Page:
The L20 will hold its own meetings and join the ministers for consultations, where it will be represented by a global delegation composed of union leaders from Australia, Indonesia, the United States, the ITUC, the ETUC, and TUAC. The consultations will treat the central issues including G20 Employment Plans, labour market strategies, addressing informality, as well as boosting participation among women and creating safe workplaces.
The L20 statement to be presented to the ministers argues that boosting growth and avoiding prolonged stagnation or even deflation requires a strategy for raising wages and public investments. Creating quality jobs must be front and centre in G20 policies with job creation targets set in consultation with the Social Partners.
This needs to be part of a policy mix expanding public investment to kick-start growth and to ensure that it is job-rich and inclusive by:
Raising low and middle-incomes both to reduce inequality and to inject purchasing power into the global economy. Research undertaken for the L20 shows that reversing the decline in the wage share in national income by between one and five percentage points of GDP in G20 countries could raise growth by close to 2% over the next five years. http://www.ituc-csi.org/the-case-for-a-coordinated-policy
Increasing public investment in social and physical infrastructure both to expand growth in the short term and bring about the structural transformation of economies needed to counter climate change. Our estimates suggest that expansion of public infrastructure investment by 1% of GDP across the G20 could create up to 3.8% more growth over five years compared to current policies – thereby surpassing the G20 growth target.
As for now, growth in many economies is constrained due to fiscal austerity and “structural reforms” – that some G20 members and financial institutions still advocate despite evidence that this is pushing the global economy into deflation. “Structural reforms” are usually code for reducing wages and worker protection. These policies would grow the incomes and wealth of the 1% but damage workers’ living standards and reduce economic efficiency.
In Melbourne and at the G20 Leaders’ Summit in Brisbane in November, global unions will continue to call for measures to combat in-work poverty through the establishment of robust, well-set minimum wages and ensuring a living wage, and strengthening the coverage of collective bargaining.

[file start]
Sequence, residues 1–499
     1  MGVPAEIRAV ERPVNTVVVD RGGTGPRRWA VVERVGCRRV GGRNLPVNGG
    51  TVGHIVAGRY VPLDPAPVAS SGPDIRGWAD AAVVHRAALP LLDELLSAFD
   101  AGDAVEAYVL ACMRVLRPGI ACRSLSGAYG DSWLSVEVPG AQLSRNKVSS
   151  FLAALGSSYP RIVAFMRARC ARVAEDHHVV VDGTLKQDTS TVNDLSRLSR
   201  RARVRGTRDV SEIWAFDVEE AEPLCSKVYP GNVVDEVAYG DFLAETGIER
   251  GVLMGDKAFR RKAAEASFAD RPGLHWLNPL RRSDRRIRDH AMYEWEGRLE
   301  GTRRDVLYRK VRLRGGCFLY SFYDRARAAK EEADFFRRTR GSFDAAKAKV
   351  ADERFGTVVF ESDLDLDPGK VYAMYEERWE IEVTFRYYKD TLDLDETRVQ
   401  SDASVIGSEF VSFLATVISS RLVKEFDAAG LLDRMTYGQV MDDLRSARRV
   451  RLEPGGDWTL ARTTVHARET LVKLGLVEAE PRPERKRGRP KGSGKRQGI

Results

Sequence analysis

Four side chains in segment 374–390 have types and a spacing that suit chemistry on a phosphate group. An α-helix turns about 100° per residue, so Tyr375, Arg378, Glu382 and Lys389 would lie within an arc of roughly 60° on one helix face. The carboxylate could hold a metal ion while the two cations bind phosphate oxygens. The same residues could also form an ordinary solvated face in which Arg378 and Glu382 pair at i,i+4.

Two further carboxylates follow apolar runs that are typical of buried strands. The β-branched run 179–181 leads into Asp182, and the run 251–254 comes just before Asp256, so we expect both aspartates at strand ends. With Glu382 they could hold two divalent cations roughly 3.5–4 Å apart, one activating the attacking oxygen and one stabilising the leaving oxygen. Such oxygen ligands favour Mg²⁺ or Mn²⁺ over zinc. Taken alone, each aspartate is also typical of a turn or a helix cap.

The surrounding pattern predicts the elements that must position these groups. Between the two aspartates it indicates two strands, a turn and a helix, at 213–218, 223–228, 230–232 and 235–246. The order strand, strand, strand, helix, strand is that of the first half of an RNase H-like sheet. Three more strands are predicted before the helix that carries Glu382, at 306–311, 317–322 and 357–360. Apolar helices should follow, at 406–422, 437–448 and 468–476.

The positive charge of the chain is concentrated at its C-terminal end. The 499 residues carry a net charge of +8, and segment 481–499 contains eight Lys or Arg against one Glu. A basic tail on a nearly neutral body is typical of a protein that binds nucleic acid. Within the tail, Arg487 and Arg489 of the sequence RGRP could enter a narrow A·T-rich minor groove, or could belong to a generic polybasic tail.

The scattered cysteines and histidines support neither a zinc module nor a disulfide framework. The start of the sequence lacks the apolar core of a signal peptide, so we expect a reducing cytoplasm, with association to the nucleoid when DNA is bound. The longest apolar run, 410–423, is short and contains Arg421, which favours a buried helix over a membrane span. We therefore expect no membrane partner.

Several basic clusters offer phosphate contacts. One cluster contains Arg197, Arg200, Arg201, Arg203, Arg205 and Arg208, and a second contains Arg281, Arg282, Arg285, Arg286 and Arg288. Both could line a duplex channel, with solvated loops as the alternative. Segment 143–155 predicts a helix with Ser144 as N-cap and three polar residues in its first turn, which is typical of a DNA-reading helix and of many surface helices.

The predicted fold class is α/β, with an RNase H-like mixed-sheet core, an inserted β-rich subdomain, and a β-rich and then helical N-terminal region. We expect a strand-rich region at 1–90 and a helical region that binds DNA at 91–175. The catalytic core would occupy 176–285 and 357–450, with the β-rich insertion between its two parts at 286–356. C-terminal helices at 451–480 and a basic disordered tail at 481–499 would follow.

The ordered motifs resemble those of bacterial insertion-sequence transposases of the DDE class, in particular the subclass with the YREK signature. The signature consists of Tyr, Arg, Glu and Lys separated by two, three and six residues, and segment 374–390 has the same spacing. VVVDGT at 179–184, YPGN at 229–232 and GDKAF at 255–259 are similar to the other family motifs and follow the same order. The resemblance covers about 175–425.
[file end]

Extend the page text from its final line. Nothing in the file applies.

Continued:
The Labour Ministers’ Meeting can provide the much-needed impetus for concrete measures in Brisbane to reverse the currently damaging economic and social prospects, as well as to deliver on past G20 commitments.
Income inequality is now at least recognized as a major global issue that is contributing to the shortfall of demand – albeit only after 30 years of constantly declining labour shares in total national income.
And, indeed, there are solutions that would be beneficial to societies and growth that the L20 is arguing for including:
• Youth guarantees, youth employment and quality vocational training and apprenticeships;
• Expanding women’s employment opportunities by investment in childcare and elder-care, and promoting inclusive labour markets by boosting activity rates of vulnerable groups;
• Shifting people from informal to formal employment by strengthening workers’ rights and social protection systems;
• Global social protection floors, including universal health care and quality public services; and
• Guaranteeing ’safe workplaces’ to reduce work-related injury and illness across the G20 and in the supply chains of G20 companies.
The L20 will call on the G20 in November to signal a change of course - with the Melbourne Labour and Employment Ministers’ meeting laying the foundations. The Brisbane Action Plan to be adopted by G20 Leaders must put in place comprehensive measures to “support aggregate demand and reduce inequality” as committed to in 2013, and ensure policy coherence through coordination processes at national and G20 levels.